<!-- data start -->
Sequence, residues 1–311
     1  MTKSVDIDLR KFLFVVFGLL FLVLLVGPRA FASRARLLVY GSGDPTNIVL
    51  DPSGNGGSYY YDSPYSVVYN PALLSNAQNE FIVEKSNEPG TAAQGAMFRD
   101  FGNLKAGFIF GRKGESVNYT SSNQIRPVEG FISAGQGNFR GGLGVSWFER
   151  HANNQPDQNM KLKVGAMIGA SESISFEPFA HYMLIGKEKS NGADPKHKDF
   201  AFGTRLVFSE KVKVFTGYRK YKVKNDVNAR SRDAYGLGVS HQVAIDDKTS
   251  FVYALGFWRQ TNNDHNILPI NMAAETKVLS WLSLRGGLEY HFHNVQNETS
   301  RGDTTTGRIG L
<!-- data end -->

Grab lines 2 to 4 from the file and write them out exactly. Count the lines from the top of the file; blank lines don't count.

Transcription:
     1  MTKSVDIDLR KFLFVVFGLL FLVLLVGPRA FASRARLLVY GSGDPTNIVL
    51  DPSGNGGSYY YDSPYSVVYN PALLSNAQNE FIVEKSNEPG TAAQGAMFRD
   101  FGNLKAGFIF GRKGESVNYT SSNQIRPVEG FISAGQGNFR GGLGVSWFER